In Germany, ‘tis the season to point fingers

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BERLIN — If there’s one thing Germans excel at (aside from engineering and self-deprecation), it’s what they call nörgeln, an ancient Teutonic exercise in unrelenting complaint that can border on the pathological. 

As it happens, there’s no better time than Christmas for nörgeln, and amid this year’s lockdown, Germans are going full bore over the country’s handling of the coronavirus, blaming everyone from politicians to the press for ruining the holidays.

For months, Germans basked in the accolades they received for their handling of the pandemic. Then November hit, and infection rates began to skyrocket, plunging the nation into a fit of Nietschian angst.

“The Winter Failure,” Der Spiegel concluded on its somber cover last week, next to an ominous chart illustrating Germany’s rising COVID-19 death rate.  

But has Germany really failed?

As of Friday, about 25,000 people had died of or with the disease in Germany, more than half of them in the last month alone. That’s a bitter loss, but with just 30 deaths per 100,000, Germany still has recorded fewer than one-third of the fatalities that countries such as Spain, Italy, the U.S. or the U.K. have seen. Even in neighboring France, the per-capita death rate is triple what it is in Germany. 

What’s more, as a result of the government’s light-touch corona management, Germany’s economy has recorded an impressive run in recent months. The country’s GDP jumped 8.5 percent in the third quarter from the previous quarter, outpacing economists’ expectations, as demand for the country’s exports in Asia buoyed output. In November, unemployment dropped to its lowest level since April, another hopeful sign for the economy. 

That might sound like a cynical tradeoff, but the real-world social effects of a falling economy are often wrenching, as increases in suicides and domestic violence across many countries during the pandemic attest.

One reason for Germany’s economic boost is that schools remained open, allowing parents to continue to work unhindered. 

Had the government forced Germany into a hard lockdown in October, the fourth quarter, which is often the strongest in many industries, would likely have been a disaster.  

That’s not to say all is well. On Friday, health authorities announced a one-day record for new COVID-19 infections of 34,000. While a new nationwide lockdown went into effect on Wednesday, health experts expect the crisis to get worse in the short term.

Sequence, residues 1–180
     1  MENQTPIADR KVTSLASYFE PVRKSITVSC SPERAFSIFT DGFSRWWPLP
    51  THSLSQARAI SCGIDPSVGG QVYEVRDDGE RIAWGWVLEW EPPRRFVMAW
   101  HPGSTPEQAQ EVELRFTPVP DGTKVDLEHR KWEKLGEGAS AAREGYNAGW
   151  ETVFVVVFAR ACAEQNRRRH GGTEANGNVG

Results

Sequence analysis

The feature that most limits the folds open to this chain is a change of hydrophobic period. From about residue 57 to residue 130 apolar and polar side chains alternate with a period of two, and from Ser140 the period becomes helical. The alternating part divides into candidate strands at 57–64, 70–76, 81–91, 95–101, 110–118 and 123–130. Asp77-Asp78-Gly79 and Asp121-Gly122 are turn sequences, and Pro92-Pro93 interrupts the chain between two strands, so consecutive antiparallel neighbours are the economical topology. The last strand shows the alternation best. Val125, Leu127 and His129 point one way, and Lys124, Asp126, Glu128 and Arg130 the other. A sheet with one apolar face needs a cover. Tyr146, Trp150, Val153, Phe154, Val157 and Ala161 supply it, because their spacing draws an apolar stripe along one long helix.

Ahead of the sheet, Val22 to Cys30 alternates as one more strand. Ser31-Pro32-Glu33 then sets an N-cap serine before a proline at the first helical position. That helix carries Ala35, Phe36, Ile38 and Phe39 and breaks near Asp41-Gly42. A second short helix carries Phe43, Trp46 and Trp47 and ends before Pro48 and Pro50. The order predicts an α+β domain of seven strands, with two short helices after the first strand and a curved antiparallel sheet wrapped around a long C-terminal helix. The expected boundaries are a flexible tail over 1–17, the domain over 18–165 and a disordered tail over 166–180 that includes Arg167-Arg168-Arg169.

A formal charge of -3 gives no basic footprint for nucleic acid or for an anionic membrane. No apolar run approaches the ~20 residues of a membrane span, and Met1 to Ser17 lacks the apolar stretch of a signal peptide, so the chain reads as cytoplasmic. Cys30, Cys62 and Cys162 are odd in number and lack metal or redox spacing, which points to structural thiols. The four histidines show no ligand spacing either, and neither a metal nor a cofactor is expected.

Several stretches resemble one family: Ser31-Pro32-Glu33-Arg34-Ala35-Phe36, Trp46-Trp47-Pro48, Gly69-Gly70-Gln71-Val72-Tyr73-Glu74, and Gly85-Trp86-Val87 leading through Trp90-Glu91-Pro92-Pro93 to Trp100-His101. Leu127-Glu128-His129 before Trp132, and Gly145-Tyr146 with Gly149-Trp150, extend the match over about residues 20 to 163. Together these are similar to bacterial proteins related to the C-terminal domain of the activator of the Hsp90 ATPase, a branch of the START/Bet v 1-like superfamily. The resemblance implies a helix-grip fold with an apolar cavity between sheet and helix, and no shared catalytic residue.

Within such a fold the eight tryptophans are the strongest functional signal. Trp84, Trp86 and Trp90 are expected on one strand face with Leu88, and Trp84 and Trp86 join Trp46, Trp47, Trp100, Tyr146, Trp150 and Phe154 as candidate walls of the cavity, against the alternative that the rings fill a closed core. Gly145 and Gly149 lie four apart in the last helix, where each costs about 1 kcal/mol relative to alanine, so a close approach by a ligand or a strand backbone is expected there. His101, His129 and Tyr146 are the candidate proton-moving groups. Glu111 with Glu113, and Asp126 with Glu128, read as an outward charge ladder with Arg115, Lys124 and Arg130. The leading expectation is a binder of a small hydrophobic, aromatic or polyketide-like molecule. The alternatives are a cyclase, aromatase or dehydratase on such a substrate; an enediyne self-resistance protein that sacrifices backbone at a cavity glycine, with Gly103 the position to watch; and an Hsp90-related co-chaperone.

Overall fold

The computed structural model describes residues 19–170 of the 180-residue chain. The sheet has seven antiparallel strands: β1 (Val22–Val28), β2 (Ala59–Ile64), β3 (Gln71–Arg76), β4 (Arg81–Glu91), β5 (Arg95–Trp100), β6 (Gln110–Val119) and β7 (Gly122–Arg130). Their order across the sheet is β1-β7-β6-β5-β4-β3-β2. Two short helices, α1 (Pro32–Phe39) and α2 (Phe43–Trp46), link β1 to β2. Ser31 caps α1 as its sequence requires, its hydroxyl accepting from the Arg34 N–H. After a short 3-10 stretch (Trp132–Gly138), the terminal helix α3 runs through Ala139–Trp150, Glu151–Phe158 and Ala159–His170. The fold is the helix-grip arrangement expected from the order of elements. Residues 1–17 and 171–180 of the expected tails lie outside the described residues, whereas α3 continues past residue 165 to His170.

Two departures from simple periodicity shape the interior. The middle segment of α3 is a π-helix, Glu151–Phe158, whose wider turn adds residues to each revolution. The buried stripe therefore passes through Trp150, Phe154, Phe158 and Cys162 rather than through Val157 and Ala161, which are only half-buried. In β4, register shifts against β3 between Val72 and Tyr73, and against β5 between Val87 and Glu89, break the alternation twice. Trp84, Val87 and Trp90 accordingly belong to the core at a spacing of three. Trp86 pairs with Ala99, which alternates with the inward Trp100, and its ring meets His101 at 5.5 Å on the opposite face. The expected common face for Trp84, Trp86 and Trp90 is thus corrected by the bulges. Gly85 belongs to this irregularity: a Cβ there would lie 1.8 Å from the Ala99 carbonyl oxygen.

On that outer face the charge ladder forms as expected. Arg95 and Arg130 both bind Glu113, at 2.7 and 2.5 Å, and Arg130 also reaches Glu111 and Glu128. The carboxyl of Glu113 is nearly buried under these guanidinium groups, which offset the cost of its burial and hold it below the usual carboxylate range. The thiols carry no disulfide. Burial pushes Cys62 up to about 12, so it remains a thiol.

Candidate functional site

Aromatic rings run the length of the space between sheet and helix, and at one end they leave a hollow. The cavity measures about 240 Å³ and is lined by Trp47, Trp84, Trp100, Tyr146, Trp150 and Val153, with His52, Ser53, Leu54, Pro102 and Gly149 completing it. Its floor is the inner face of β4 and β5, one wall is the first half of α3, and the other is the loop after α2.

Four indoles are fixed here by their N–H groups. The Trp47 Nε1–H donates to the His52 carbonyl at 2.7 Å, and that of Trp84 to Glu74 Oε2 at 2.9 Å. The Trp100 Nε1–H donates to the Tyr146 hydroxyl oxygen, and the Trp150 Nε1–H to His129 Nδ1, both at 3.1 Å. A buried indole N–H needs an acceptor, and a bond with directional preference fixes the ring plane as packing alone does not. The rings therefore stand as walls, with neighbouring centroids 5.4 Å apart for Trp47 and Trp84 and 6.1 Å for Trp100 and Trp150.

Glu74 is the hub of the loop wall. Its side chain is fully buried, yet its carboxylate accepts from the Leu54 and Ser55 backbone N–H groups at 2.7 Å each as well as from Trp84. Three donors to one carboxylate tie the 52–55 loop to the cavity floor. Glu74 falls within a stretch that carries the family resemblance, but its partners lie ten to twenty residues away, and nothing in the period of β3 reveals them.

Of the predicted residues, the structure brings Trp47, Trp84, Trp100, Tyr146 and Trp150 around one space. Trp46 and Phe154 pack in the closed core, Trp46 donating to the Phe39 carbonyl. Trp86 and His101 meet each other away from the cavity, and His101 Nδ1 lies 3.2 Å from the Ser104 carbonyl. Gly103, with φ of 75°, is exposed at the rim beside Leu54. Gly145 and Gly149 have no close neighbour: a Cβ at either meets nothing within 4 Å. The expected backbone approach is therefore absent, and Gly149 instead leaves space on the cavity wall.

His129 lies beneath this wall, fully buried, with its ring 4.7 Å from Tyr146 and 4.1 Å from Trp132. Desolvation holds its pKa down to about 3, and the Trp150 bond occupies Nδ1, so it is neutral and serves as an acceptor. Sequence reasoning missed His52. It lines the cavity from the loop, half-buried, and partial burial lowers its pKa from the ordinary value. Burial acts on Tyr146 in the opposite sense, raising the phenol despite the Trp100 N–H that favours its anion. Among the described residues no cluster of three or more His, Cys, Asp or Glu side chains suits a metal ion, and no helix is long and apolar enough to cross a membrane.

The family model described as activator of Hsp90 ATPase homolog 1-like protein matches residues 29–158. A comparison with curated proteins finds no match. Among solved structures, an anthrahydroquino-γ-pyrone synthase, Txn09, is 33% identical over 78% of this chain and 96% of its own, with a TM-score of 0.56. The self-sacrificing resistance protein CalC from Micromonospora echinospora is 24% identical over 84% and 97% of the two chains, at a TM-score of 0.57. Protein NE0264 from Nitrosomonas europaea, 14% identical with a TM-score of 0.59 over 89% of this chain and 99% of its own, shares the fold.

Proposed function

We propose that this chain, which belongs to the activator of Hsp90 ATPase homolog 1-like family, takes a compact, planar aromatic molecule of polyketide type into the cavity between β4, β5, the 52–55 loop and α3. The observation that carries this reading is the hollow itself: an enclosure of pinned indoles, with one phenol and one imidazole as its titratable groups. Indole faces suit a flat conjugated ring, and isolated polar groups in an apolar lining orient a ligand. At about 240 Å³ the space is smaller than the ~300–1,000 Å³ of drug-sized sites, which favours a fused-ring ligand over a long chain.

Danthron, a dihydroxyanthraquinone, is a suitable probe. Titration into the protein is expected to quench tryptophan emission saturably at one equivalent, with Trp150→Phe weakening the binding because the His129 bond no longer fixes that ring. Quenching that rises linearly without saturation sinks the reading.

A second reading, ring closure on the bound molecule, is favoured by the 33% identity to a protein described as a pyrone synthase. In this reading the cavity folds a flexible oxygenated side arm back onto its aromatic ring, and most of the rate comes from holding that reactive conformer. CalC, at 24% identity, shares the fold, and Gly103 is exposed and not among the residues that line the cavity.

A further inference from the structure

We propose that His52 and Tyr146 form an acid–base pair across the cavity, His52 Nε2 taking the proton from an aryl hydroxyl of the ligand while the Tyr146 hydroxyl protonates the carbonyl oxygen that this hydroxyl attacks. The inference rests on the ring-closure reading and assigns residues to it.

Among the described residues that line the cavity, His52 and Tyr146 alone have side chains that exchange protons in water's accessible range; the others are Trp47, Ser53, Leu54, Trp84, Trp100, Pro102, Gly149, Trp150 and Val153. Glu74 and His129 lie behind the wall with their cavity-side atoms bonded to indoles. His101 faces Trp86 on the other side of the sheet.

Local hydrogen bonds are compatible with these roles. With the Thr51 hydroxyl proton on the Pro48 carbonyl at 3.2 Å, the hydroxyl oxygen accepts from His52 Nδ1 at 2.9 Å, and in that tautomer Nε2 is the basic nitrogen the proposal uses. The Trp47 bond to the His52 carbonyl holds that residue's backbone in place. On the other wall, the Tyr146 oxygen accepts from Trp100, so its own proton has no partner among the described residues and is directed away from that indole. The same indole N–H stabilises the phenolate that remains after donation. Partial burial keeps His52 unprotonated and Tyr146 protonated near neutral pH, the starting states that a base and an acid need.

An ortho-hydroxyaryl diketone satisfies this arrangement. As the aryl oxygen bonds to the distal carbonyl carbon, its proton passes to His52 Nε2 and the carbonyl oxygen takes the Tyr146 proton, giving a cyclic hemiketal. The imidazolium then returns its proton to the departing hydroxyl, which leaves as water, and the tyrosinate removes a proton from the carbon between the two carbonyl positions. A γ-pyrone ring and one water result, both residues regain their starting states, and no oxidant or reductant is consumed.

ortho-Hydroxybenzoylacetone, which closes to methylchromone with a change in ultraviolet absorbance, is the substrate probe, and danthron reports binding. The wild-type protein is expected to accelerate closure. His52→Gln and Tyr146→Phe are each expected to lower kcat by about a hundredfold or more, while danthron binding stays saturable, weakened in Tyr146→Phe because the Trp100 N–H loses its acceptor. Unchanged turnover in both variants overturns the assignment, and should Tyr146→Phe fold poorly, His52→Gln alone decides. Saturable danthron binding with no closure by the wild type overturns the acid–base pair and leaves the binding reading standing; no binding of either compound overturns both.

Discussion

The lockdown, which comes at the height of the Christmas shopping season, will hit retailers hard and though most shop owners will get some government support, that won’t compensate them for all of their lost revenue. As worrying as that reality is for many retailers, an earlier lockdown would have put them in an even worse position. 

That’s true for the broader German economy as well. Under the current lockdown timetable (which may yet be revised), restrictions will be lifted on January 10. In other words, the brunt of the lockdown will fall during the holiday break, when many workers are on vacation anyway.

Much of the second-guessing in the German public and media about the government’s handling of the pandemic focuses on the past two months. After the infection rate began to inch up in October, Angela Merkel’s government convinced the country’s 16 states, which under Germany’s federalist structure control health policy, to embrace what they dubbed a “lockdown light.”

Under the policy, bars and restaurants, cinemas and sports clubs were forced to close (with a government promise to reimburse owners for lost revenue), but schools, shops and hair salons were allowed to remain open. The hope was that a month of lockdown light would bring down infection rates enough to permit a full reopening for Christmas. 

At the time, Merkel, said the goal was to return to “normal” by December. 

But in the weeks that followed, the rate of new infections remained stubbornly high, making it impossible to limit outbreaks through contact tracing and other targeted measures. In contrast to a harsher lockdown in the spring, when Germans reduced their daily movements by 40 percent, mobility in November fell by just 10 percent.

By early December, infection rates in some parts of the country were so high that local authorities imposed hard lockdowns overnight. 

At the first signs of a second wave in September, Merkel began urging regional leaders to embrace tougher measures, warning that cases would explode to “19,200” per day by Christmas if they didn’t act. She continued to quietly nudge the regional leaders in the weeks that followed. 

But they didn’t heed her advice, fearing that tougher restrictions would trigger a political backlash.

One thing Germany’s light lockdown did have a positive effect on was Germans’ mental health. Only 44 percent of Germans report negative psychological effects connected to the pandemic, the lowest rate across 16 countries, according to a YouGov study published last week.

And given the country’s latest bout of nörgeln, Germans need every bit of positive thinking they can muster.

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